Prisoners with disabilities feel they are being 'punished' because of their condition, report finds

Prisoners with disabilities feel they are being 'punished' because of their condition, report finds

Some prisoners with a disability feel they are "punished" simply for their condition, while others report they are bullied by fellow inmates.

The findings are among a number made in a new report published by the Irish Penal Reform Trust (IPRT) which argued that changes need to be made regarding how prisons assist inmates who have a disability.

Some 31 semi-structured interviews were conducted for the report, including with 16 prisoners with disabilities, as well as representative organisations of persons with disabilities, prison officers, civil servants and public officials.

The prisoners interviewed included people with physical and/or mobility impairments, some with mental health disabilities, acquired brain injuries, deaf people, and the visually impaired.

It found that isolation in cells, limited availability of accessibility aids, lack of appropriate information on prison services, and limited opportunities to communicate with peers and family members are just some of the barriers and human rights issues facing prisoners with disabilities in the prison system.

Among the general trends that emerged in the report is that prisoners with disabilities face significant difficulties navigating prison and prison services. "Some prisoners were effectively confined to their cells due to the inaccessibility of the prison environment, and had services brought to them," it said.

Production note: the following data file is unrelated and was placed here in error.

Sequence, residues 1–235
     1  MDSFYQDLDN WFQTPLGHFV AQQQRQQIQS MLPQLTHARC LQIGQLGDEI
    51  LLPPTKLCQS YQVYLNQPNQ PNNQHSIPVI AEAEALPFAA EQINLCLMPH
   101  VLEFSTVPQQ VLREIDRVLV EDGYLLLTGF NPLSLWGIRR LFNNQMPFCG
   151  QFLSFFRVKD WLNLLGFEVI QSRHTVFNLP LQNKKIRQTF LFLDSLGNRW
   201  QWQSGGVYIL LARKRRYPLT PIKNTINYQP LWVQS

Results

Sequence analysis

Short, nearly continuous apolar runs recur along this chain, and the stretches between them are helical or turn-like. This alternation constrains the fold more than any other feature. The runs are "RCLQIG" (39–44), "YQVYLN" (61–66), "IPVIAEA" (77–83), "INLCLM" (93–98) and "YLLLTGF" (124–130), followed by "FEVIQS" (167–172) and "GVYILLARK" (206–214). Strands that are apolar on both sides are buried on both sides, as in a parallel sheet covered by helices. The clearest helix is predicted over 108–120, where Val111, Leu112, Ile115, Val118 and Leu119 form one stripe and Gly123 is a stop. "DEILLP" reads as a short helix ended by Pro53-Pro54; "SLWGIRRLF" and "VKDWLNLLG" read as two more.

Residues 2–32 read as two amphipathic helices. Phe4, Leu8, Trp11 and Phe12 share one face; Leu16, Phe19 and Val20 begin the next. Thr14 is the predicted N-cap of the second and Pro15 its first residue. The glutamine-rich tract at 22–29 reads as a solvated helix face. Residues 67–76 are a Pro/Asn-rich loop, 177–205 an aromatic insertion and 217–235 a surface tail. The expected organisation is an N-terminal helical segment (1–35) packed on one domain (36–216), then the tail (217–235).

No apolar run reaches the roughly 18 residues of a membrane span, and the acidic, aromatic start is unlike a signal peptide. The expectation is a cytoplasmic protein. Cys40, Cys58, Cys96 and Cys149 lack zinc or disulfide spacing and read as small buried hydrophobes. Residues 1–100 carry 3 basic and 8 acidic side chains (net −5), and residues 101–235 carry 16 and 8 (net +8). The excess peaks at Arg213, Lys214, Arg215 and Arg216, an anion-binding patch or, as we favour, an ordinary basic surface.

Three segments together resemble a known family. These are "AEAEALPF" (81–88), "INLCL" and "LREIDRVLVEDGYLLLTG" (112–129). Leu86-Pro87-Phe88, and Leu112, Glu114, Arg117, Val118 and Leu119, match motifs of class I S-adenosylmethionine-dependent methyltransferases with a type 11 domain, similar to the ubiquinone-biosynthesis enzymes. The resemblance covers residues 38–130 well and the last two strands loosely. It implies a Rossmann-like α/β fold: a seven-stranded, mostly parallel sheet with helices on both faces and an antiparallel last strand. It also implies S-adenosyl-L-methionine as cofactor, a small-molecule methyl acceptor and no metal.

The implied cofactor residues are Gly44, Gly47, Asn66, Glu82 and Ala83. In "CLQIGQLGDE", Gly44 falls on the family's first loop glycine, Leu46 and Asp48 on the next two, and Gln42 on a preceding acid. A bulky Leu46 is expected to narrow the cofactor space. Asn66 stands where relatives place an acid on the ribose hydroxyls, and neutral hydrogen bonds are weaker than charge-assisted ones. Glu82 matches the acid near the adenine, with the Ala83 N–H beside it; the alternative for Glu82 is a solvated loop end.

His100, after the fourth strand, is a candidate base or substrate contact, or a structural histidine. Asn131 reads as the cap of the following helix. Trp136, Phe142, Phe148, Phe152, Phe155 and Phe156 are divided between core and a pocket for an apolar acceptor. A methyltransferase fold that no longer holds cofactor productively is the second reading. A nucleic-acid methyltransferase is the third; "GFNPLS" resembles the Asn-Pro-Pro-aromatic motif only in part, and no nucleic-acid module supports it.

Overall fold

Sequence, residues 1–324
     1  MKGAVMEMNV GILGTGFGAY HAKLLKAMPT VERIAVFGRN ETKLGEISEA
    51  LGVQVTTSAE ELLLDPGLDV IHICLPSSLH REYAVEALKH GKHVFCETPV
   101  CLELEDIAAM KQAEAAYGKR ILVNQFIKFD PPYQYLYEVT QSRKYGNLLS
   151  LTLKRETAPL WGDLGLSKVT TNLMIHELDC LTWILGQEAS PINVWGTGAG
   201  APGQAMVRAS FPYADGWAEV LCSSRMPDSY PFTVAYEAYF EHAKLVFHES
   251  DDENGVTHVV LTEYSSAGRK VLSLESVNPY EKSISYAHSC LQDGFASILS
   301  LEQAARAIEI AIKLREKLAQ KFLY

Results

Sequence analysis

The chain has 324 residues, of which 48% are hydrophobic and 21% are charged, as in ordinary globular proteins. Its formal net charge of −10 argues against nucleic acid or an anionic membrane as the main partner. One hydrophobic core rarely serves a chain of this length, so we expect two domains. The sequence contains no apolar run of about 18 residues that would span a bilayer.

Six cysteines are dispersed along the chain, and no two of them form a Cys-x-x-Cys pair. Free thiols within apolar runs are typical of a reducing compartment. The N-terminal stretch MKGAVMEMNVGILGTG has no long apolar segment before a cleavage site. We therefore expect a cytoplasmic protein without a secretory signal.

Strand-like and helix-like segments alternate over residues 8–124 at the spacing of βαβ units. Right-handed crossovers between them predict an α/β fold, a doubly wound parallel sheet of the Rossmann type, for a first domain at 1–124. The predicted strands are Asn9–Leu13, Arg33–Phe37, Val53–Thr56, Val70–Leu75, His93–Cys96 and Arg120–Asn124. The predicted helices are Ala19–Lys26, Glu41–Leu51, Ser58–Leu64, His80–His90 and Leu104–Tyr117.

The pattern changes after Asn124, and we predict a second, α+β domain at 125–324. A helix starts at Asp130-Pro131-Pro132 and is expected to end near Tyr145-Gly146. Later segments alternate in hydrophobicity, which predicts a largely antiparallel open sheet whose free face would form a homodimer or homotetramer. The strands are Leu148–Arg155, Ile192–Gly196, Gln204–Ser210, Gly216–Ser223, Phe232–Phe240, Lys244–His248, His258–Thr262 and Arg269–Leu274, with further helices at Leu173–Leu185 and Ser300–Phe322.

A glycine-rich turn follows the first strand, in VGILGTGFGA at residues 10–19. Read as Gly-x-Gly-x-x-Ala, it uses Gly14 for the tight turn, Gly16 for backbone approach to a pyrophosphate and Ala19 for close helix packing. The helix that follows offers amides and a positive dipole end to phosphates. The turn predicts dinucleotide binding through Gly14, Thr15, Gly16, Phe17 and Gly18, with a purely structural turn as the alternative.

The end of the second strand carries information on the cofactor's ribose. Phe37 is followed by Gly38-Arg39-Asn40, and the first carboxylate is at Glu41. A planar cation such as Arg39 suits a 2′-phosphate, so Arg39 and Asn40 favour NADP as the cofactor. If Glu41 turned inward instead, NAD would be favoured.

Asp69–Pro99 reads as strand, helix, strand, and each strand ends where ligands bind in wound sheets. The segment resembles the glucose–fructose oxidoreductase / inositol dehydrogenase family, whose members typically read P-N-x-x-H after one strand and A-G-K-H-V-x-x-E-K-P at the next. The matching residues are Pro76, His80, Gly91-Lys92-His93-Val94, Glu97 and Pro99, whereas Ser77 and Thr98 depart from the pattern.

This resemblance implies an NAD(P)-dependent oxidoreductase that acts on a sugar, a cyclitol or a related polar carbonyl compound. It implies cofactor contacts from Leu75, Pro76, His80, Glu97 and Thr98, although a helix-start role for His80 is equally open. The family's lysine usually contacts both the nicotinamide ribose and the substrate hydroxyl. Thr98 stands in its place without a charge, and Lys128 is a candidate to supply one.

Others said they were denied specific accessibility aids, including a white cane used by the visually impaired, while access to sign language interpretation for deaf prisoners was extremely limited.

It also said there was limited understanding of disability rights and concern regarding the right to health for people with disabilities in prison.

"The issues raised included the removal of medication and management of medication upon entry to prison, during prison stay and in the transition out of prison," it said.

"Forced treatment and transfer of prisoners to forensic psychiatric settings were reported by both prisoners and other stakeholders in this small-scale study."

It found that informal peer support from other prisoners was likely to be the main form of support for people with disabilities in prison, but some participants reported instances where prisoners bullied disabled prisoners.

Concerns were also raised over the incentivised regime which operates within prisons.

"Some prisoners reported being punished for disability-related behaviour (often perceived as challenging behaviour, without exploring how the behaviour resulted from the inaccessibility of the prison environment) or losing out on the rewards for not taking part in programmes that were not accessible to them, including education programmes," it added.

The report makes a range of recommendations, including that accessible information on rights, regimes and complaint systems in prison is provided, access to single-cell accommodation, continuity and equivalence of care between community and prison, and banning solitary confinement.

IPRT Executive Director Fíona Ní Chinnéide said: "Even at the most basic level, people with disabilities in prison must have access to the entire physical prison environment on an equal basis with other prisoners."

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